The Red Sox told Scott Schoeneweis that he was being designated for assignment after last night’s game, ending his tenure in Boston. The actual move will come this morning, so the ten-day period during which the team has to trade him, release him or place him on waivers begins today.
It’s never a good thing to be kicked off the 40-man roster but, as many have noted, it’s a tougher thing for Scott Schoeneweis on this day. Why? Because today is the one-year anniversary of his wife’s death. I don’t think you can expect the Red Sox or anyone else to not make these kinds of moves when they are necessary — almost every day was a bad day for someone — but this one has to sting particularly bad. The best you can say of it is that at least Schoeneweis will have a chance to be with his family today, which is how he’s viewing it:
“It’s nothing personal. It’s more difficult for me because it’s tough
for my kids. Tomorrow is going to be a difficult day for me and my
family anyway. But I guess everything happens for a reason, and I’ll be
home for them and for me. There are worse things, obviously, and I’ve
been through all that. We’ll be alright.”
Good luck to Schoeneweis. Here’s hoping, left arm willing, he turns up someplace else soon.
It was assumed already, but Mike Scioscia made it official during Monday’s press conference for new general manager Billy Eppler that he will return as Angels manager in 2016.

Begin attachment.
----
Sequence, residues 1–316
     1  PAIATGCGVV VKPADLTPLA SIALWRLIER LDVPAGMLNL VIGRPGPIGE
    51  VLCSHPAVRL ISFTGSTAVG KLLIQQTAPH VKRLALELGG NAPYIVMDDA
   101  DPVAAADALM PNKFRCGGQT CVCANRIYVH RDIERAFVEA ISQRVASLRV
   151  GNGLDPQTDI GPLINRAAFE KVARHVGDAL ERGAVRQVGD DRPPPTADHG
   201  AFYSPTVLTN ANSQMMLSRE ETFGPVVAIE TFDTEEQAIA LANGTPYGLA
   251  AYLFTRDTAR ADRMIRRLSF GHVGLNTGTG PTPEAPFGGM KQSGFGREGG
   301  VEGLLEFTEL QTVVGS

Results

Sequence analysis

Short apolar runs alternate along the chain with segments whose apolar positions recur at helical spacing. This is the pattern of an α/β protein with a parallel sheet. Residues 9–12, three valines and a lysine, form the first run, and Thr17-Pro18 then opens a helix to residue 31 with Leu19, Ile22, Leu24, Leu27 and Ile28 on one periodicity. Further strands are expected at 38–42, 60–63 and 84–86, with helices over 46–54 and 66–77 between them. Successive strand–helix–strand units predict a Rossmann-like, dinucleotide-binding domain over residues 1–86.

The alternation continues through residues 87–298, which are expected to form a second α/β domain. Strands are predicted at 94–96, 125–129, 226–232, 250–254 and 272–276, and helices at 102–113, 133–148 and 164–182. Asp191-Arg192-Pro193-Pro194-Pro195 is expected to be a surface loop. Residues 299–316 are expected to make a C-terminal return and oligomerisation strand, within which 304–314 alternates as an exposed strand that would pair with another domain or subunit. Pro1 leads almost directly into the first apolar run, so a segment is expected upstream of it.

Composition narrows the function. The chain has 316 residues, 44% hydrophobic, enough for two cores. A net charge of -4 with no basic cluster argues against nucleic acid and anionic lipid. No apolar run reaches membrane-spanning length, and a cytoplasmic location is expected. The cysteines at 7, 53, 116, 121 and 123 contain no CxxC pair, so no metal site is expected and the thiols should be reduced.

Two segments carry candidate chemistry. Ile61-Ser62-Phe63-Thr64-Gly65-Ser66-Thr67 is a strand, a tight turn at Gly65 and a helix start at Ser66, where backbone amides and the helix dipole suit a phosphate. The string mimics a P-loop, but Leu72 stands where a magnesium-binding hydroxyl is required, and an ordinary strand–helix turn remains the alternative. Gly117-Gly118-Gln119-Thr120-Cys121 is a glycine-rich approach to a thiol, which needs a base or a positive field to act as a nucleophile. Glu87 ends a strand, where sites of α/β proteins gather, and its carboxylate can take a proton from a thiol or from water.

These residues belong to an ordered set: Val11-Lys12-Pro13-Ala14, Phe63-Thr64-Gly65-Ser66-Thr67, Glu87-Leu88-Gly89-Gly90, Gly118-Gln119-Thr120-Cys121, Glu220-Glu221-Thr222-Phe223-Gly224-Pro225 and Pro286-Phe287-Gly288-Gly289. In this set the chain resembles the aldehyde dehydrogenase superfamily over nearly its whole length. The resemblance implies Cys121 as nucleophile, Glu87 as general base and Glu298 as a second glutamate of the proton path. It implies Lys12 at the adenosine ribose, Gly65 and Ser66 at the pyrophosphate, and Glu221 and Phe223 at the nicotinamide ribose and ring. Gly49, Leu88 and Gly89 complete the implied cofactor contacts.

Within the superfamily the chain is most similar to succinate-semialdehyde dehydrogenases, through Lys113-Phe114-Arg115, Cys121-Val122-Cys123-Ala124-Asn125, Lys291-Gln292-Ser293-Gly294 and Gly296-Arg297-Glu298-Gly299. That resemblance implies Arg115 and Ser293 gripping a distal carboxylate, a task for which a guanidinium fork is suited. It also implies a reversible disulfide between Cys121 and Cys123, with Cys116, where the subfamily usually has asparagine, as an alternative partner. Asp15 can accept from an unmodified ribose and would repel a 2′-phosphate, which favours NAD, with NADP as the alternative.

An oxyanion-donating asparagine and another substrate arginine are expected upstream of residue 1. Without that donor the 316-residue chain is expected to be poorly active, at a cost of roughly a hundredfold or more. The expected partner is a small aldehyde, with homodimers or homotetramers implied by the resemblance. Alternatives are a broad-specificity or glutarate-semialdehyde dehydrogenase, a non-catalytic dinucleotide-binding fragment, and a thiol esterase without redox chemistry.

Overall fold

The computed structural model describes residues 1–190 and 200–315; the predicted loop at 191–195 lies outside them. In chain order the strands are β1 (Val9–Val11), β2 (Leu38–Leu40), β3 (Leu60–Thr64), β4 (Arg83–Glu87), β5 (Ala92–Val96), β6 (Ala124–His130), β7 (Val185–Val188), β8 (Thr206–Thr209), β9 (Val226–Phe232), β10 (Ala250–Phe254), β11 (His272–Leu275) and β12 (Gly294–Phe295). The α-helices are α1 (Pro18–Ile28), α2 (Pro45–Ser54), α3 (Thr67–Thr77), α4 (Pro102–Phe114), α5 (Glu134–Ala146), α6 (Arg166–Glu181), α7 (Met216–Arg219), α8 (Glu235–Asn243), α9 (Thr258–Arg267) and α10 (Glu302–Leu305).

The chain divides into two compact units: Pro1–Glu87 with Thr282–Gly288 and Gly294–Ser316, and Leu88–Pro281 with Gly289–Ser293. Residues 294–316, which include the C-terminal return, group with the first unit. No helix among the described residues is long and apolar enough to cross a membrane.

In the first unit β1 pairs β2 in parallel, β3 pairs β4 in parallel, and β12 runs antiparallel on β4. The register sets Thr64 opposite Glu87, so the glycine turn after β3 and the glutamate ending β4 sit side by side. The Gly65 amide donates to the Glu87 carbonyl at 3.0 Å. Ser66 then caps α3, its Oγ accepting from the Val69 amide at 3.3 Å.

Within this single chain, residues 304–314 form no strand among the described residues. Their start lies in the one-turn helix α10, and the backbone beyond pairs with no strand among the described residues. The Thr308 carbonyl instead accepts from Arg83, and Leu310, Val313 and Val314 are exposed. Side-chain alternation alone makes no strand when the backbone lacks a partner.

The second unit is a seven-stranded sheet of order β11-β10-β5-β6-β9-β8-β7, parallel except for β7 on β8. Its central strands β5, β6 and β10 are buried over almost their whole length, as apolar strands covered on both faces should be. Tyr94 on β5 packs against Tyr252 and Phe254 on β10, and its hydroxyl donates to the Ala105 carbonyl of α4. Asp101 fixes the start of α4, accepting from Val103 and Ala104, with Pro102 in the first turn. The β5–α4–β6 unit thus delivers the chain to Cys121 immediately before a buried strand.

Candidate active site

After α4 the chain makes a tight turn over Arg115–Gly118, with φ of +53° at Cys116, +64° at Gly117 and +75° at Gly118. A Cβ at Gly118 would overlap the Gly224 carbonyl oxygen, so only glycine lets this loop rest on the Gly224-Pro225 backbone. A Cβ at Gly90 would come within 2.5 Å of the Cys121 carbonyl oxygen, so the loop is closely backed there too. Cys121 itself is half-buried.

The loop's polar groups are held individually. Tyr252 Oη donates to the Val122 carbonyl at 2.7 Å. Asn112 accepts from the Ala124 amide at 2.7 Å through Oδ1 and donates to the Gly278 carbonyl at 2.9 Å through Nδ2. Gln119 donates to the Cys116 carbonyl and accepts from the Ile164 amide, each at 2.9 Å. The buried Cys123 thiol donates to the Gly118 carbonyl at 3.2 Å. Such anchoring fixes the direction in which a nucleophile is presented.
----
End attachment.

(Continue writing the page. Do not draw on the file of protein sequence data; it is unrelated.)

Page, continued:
Scioscia, the longest-tenured manager in the majors, has been at the helm with the Angels since 2000. There was a clause in his contract which allowed him to opt out after the 2015 season, but he has decided to stay put. He still has three years and $15 million on his contract, which runs through 2018.
Jerry Dipoto resigned as Angels general manager in July amid tension with Scioscia, so there were naturally questions today about what to expect with first-time GM Eppler in the fold. According to David Adler of MLB.com, Scioscia isn’t concerned.
“I think we’re going to mesh very well,” Scioscia said. “If we adjust, or maybe he adjusts to some of the things, there’s going to be collaboration that’s going to make us better.”
Eppler is the fourth general manager during Scioscia’s tenure with the team.
After winning the AL West last season, the Angels finished 85-77 this season and narrowly missed the playoffs. The team hasn’t won a postseason game since 2009.
Astros center fielder Carlos Gomez sat out the final series of the regular season in order to rest a strained left intercostal muscle, but there was good news coming out of a workout today in advance of Tuesday’s Wild Card game vs. the Yankees.
This has been a lingering issue for Gomez, who missed 13 straight games with the injury last month. He aggravated the strain on a throw to home plate last Wednesday and was forced to sit while the Astros fought to keep their season alive. Astros manager A.J. Hinch told reporters last week that Gomez’s injury would typically take 45-50 days to recover from, so it’s fair to wonder how productive he can be during the postseason.
Gomez mostly struggled after coming over from the Brewers at the trade deadline, batting .242 with four home runs and a .670 OPS over 41 games.